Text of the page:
Transitions, custom logos, well mixed audio, high resolution – all of these can make the difference between a clearly amateur stream and a professional-quality production. Thankfully, the software you need to create a great looking stream doesn't have to be expensive – and some of the best is free.
It can be tricky to pick the right free streaming software for you. Streaming is a growing market, and developers are fighting for your attention with claims of better performance, ease of use and quick setup – so how you do choose?
Some of the key features to look out for are supported platforms, choice of input sources, user support, and supported games (some streaming apps make you choose from a list of titles, while others let you record anything).
With that in mind, here's our pick of the best free streaming software you can download today.
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1. OBS Studio
You won't find a more powerful free streaming tool for any platform
Open source, powerful and flexible, OBS Studio is easily our top pick when it comes to free streaming software. It's available for Windows, Mac and Linux, and receives regular updates from an enthusiastic team of contributors.
It has something of a reputation for being complicated to set up, but if you're only interested in simple streaming then there's no need to plunge into the more sophisticated capture settings.
If you do want more granular control, it's all there. You can create scenes from multiple sources (windows, images, text, webcams, capture cards – the list goes on), mix audio and adjust pretty much every aspect of your streams. The options are extensive, but clearly laid out and explained.
OBS Studio can stream straight to Twitch, YouTube, Mixer, Facebook and many other platforms – a much wider range than you'll find in other streaming software. It's even possible to stream to multiple platforms at once.
OBS Studio is also our top pick if you're looking for a top quality free screen recorder. Other tools might be simpler, but whether you want to capture games or anything else on your desktop, you won't find a more flexible tool for the job.
A friendlier face for OBS Studio, but there's little to differentiate it otherwise
As the name suggests, Streamlabs OBS is built on the same foundation as OBS Studio, putting a friendlier face on the powerful streaming software. Streamlabs offers claims to offer improved performance via automatic optimization, though the difference in our tests was negligible.
Its cleaner interface makes Streamlabs a reasonable choice for first-time streamers, but if you're already happy using OBS Studio, there's little advantage in switching. It's currently in beta, so it'll be interesting to see if it diverges further from OBS Studio in the future, but for the moment there's little difference between the two.
It's worth noting that Streamlabs currently lacks a studio mode – a feature that came to OBS Studio two years ago. It's an advanced tool that many users won't miss, but worth bearing in mind.
Not up to OBS's standards yet, but worth a look if you're new to streaming
Bebo is a new kid on the streaming block, and is still very much a work in progress. It's pitched as a direct competitor to OBS Studio that differentiates itself by its lower system requirements, meaning less impact on in-game performance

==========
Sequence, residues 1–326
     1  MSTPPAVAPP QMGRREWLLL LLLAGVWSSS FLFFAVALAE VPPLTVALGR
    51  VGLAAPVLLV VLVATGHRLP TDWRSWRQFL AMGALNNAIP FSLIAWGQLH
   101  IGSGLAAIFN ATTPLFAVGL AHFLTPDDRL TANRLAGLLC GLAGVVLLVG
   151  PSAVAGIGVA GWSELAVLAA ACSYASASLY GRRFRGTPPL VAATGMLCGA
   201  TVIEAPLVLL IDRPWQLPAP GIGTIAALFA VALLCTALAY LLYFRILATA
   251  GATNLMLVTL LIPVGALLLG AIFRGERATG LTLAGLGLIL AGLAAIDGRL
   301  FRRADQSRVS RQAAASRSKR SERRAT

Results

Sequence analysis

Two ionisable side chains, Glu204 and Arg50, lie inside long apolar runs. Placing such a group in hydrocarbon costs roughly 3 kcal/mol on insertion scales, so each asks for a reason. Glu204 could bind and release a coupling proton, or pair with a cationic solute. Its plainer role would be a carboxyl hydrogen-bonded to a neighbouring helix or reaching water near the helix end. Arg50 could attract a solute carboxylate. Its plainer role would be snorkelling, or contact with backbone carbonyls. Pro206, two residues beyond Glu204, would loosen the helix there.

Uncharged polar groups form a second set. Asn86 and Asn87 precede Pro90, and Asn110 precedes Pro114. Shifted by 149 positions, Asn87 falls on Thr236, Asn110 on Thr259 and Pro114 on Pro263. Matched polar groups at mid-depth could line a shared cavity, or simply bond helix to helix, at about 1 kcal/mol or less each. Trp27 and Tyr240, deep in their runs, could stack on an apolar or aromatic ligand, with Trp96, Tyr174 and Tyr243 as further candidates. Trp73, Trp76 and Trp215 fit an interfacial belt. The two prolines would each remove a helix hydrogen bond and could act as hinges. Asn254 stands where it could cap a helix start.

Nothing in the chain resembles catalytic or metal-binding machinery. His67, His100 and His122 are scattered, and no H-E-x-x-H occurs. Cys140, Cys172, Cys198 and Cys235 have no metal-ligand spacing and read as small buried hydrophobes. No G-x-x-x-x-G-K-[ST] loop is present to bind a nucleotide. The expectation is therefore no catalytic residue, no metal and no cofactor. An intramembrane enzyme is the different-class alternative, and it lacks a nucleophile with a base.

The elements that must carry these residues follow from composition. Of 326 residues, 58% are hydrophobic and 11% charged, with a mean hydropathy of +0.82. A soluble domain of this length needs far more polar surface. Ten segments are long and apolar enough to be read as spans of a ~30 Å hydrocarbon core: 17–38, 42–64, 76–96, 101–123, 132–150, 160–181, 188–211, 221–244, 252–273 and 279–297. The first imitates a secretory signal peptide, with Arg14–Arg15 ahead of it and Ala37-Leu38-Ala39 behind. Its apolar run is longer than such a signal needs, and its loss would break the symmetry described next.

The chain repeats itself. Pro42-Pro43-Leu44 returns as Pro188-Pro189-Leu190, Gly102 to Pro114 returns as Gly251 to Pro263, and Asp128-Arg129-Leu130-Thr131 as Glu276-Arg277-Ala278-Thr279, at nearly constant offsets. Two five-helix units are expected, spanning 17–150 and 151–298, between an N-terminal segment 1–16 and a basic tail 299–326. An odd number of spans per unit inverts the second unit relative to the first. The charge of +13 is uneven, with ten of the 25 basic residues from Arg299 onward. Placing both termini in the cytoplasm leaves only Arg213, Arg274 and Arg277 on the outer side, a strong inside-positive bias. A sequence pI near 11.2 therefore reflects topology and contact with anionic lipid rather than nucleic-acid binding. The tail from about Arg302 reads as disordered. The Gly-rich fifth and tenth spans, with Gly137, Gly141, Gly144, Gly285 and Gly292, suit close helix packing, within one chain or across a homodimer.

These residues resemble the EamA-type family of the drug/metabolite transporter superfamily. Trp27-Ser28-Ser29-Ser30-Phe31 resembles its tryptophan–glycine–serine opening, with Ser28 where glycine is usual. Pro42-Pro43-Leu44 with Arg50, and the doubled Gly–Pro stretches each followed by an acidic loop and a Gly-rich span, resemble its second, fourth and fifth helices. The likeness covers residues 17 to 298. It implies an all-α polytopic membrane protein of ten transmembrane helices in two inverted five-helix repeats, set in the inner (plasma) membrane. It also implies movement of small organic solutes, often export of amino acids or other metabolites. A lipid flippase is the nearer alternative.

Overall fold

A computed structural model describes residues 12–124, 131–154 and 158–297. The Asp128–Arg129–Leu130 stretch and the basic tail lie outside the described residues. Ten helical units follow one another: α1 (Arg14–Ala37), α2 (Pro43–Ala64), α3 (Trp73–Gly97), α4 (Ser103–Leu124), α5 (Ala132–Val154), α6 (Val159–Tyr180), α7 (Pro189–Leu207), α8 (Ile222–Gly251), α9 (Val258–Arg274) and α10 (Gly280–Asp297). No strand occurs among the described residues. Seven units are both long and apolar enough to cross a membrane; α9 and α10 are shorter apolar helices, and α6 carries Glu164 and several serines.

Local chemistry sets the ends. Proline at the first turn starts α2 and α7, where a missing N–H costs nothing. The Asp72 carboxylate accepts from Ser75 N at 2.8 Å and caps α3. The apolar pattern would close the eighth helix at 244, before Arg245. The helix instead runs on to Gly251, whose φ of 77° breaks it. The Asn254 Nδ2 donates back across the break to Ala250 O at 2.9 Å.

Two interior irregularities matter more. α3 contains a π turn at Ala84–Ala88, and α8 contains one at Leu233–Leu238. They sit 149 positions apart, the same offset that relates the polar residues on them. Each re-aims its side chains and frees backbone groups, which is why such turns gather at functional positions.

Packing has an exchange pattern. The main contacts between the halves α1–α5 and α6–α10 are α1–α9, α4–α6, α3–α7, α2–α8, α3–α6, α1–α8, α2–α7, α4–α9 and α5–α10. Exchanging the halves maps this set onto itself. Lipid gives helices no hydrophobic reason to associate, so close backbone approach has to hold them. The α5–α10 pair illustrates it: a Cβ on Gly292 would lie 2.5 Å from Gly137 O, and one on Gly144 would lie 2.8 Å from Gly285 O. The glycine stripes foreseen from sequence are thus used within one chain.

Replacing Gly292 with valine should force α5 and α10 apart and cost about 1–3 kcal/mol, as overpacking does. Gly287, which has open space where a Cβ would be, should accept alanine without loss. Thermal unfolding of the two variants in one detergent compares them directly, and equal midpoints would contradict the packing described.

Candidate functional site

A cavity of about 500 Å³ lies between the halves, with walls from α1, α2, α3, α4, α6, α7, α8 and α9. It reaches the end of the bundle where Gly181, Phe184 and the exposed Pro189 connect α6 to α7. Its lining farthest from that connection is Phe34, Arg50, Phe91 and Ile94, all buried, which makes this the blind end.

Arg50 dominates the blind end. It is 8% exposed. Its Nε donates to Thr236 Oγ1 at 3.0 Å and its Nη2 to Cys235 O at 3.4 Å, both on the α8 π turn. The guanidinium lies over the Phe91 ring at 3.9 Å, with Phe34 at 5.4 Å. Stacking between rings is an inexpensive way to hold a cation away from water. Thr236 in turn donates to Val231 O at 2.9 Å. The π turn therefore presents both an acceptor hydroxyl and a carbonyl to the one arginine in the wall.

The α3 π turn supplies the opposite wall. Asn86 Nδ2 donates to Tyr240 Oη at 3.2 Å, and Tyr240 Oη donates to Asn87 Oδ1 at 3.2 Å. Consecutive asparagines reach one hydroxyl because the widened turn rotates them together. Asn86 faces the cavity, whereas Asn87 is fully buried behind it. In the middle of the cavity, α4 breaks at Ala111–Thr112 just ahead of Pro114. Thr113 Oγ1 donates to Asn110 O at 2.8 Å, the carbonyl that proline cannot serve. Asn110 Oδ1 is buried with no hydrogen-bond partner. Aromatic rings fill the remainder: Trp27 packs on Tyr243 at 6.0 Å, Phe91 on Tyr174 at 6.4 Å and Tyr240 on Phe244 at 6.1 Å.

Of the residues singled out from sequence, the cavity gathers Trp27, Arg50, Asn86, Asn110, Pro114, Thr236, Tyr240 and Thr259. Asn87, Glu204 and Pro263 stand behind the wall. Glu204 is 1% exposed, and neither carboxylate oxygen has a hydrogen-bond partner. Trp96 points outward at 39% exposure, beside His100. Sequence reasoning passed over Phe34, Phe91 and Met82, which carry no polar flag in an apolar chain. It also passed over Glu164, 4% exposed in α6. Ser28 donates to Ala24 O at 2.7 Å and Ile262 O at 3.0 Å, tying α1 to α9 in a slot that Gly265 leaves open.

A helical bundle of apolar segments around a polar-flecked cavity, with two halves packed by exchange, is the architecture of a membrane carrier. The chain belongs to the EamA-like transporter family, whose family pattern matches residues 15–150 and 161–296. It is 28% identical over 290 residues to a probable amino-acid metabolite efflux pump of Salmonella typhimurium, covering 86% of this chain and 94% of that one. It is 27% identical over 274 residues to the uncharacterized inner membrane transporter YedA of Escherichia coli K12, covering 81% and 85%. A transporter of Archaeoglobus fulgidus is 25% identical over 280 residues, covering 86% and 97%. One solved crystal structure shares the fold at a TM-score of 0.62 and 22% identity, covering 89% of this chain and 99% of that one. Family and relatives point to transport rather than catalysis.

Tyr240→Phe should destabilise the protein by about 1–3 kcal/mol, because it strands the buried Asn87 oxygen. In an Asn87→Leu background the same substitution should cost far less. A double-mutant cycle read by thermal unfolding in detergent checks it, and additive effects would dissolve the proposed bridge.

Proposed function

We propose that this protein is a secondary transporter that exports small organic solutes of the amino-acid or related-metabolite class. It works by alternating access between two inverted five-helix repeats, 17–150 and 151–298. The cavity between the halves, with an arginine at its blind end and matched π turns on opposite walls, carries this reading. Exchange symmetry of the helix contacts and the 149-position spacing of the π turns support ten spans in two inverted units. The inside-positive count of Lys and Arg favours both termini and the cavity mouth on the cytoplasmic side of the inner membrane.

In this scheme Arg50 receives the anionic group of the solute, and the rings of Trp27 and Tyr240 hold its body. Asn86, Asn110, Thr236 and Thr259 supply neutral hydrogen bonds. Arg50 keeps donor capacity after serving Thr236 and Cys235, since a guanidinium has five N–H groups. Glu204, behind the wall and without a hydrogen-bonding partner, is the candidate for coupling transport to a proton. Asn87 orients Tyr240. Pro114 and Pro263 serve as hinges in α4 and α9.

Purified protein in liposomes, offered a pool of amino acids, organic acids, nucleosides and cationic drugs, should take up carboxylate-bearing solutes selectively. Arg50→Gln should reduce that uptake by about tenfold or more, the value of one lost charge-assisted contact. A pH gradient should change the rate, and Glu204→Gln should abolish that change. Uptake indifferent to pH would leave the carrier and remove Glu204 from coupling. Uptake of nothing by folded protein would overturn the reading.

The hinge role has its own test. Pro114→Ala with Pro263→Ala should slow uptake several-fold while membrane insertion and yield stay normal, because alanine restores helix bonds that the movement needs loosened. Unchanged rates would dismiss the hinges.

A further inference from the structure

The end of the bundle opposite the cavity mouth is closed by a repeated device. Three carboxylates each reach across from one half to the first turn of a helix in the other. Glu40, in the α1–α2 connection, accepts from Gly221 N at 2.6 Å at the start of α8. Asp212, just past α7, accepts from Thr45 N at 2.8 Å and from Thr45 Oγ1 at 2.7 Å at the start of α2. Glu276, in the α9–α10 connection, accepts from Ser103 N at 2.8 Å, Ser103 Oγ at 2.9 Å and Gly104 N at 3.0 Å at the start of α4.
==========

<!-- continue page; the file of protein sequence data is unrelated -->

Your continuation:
It has fewer features than OBS, but depending on your requirements, that might count in its favor – its interface is simpler and less intimidating for new users. Bebo also scores points for its support, with live chat available in-app 24/7.
Some users will feel the effects of its more streamlined approach more than others. You can only stream to Twitch, not Facebook or YouTube, and you can only pick from a list of supported titles. The catalog of supported titles is pretty extensive, but with OBS you can stream any full-screen game you like.
If you're new to streaming, we recommend giving both Bebo and OBS a try and seeing which suits you best.
The game, the whole game and nothing but the game
If you have a GeForce graphics card, Nvidia Shadowplay is bundled along with the drivers. It has a major advantage over most streaming software: it encodes in the GPU rather than the CPU, meaning it has negligible impact on performance, but it's far less flexible than OBS Studio. There are no overlays or multi-sources scenes – just the game itself.
If you're only interested in streaming gameplay then Nvidia Shadowplay will get the job done, but if you want to create something more sophisticated then you'll be better off with OBS – particularly since you can set OBS to use Nvidia's NVENC encoding.
Shadowplay's video recording and screengrab tools are excellent, but streaming isn't its strongest suit.
Excellent quality software, but premium features come at a steep price
Unlike most of the free streaming software in this roundup, Xsplit Gamecaster is a free, cut-down version of a premium application. As such, it looks sleeker and benefits from premium support online, but several features are locked behind a paywall.
Gamecaster is a game-specific version of Xsplit Broadcaster, with a more streamlined interface. It supports streaming to Twitch, YouTube Live and Facebook Live, and is incredibly easy to use – just start your game and hit a keyboard shortcut to bring up the overlay and begin streaming.
The biggest drawback is that streams at 720px or higher will carry an Xsplit watermark – not ideal if you want your stream to look professional. You'll also have to open your wallet if you want chromakeying (green screen), in-game Twitch chat, console support via a capture card and custom logos. Commercial use also requires a license.
Prices start at US$4.17 (about £3/AU$5) per month for a 36-month license, through to US$199 (about £150/AU$250) for a lifetime license.